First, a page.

I suppose, that is why some of the no-contact sports like cricket and tennis have been described as "Gentlemen's Game". Cricket used to be and continues to be gentlemanly. One sees these traits especially in test matches. A batsman or a bowler attains a milestone and he is congratulated by the members of the opposition or if a bowler takes more than five wickets in an innings he, instead of the captain, is made to lead the team back into the pavilion; there are hardly ever any protests against an umpire's decision. There are many such healthy, gentlemanly conventions that are observed till today highlighting the spirit of sportsmanship. However, aberrations are creeping in and the healthy traditions are gradually yielding place to aggression, more so in the limited-overs matches. Expressions of extreme exuberance verging on being aggressive and intimidating after capturing a wicket have been noticed in numerous limited-overs international games. Showing the way to the pavilion haughtily to a batsman after capturing his wicket? a show of brazen immodesty ? is certainly not gentlemanly.
During the IPL matches I saw on any number of occasions bowlers aiming the ball in "death" overs close to the line that indicates a "wide" on the Off Side far away from the batsman. On the Leg Side such a ball would be a called a "wide" but not on the Off Side. There must be some reason for this what seems like a wacky rule but that is how it is. The bowlers' intention is to keep the ball as far away from the batsman as possible so that it is beyond the latter's reach. This practice is adopted more in matches that progress towards a close finish. If the bowler's intention is not to allow the batsman to be able to even touch the ball, leave alone score runs off it, then I ask the same question again: why play the game at all? The bowlers could well claim to be bowling within the rules but not the spirit of the game.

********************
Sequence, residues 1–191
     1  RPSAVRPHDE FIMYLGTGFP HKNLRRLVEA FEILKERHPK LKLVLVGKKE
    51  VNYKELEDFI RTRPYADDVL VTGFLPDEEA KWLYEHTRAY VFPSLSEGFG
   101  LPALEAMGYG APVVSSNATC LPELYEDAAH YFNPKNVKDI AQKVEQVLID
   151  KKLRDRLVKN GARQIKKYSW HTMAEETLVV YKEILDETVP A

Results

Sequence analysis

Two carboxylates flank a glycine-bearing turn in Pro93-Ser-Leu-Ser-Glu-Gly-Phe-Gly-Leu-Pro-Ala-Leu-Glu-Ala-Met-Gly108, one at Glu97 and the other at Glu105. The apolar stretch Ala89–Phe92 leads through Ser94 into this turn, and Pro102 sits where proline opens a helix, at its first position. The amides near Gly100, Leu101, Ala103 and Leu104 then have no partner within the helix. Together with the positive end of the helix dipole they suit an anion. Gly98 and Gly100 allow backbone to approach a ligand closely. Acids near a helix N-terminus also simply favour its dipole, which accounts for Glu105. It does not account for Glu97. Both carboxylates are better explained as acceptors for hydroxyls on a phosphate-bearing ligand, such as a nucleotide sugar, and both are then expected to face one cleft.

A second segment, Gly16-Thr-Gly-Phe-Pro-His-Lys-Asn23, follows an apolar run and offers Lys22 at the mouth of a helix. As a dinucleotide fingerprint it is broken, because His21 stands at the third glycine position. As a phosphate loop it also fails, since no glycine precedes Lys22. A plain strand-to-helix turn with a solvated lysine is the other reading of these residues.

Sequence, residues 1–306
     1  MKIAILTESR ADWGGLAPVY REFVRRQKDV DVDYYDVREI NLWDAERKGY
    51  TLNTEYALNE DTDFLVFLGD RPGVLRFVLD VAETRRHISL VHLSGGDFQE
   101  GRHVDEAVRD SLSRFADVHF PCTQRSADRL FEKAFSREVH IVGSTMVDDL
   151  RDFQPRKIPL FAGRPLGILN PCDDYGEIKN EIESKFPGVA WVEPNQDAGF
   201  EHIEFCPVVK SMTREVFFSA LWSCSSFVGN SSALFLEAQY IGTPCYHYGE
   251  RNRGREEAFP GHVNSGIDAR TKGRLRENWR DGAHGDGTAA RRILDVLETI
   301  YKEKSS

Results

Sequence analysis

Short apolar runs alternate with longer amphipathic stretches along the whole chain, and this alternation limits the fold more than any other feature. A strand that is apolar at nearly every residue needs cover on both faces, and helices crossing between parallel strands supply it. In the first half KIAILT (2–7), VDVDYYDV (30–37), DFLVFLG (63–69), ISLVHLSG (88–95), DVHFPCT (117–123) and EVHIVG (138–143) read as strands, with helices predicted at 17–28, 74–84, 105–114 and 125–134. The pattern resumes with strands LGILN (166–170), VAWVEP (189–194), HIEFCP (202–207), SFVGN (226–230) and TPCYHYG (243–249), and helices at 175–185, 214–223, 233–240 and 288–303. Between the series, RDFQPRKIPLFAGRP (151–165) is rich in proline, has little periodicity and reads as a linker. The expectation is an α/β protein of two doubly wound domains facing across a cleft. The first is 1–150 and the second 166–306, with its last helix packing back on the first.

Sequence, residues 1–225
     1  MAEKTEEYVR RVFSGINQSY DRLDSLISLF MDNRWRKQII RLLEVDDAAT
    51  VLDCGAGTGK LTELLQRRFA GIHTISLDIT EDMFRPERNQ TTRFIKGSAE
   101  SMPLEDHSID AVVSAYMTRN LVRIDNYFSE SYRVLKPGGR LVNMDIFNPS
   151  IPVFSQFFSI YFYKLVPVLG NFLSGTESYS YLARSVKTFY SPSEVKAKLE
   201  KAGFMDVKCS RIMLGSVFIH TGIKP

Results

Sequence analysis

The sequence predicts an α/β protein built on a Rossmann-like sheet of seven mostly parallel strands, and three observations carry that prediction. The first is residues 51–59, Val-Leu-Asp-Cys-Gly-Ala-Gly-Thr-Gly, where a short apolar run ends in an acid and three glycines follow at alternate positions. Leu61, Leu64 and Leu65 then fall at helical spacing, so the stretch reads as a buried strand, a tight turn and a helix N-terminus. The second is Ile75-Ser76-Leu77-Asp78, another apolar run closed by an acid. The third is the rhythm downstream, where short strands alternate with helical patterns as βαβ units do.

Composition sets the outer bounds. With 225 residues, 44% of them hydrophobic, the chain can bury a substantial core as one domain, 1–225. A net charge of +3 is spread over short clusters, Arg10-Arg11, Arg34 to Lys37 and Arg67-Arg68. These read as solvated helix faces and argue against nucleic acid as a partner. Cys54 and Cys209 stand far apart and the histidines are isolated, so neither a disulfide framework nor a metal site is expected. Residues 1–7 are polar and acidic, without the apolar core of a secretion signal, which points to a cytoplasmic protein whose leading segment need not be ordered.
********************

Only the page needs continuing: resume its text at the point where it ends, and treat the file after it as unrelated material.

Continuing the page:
Aggression is on occasions seen even in tennis which is also reckoned as a gentlemen's game. One can often see rather assertive exuberance in players after winning a crucial game or a set. It wasn't so earlier. With the onset of "boom boom", serve and volley game, tennis seems to have lost that softness of yore. But, then today the game is played with intense passion after years of preparation of the mind and the body and huge investments as there is such a lot of money tagged on to professional tennis. The game has produced numerous millionaires. And, yet I find Roger Federer not quite gelling with the crowd. He is different. A legendary tennis player, having been conferred with numerous awards? even off the tennis courts ? for the qualities of his head and heart, his equanimity after a win is admirable. His exuberance after hitting a winner and scoring a point is always subdued, is never jarring or strident. Even after a win his elation and exultations are mostly to acknowledge the cheers and appreciation of spectators and, probably, also to internalise them, to allow them to seep within. One supposes, that is how a sportsman should conduct himself. But, that would be idealistic; all kinds assemble in the sporting arena contributing to the rough and tumble of competitive sports and that, perhaps, makes things more interesting in today's world.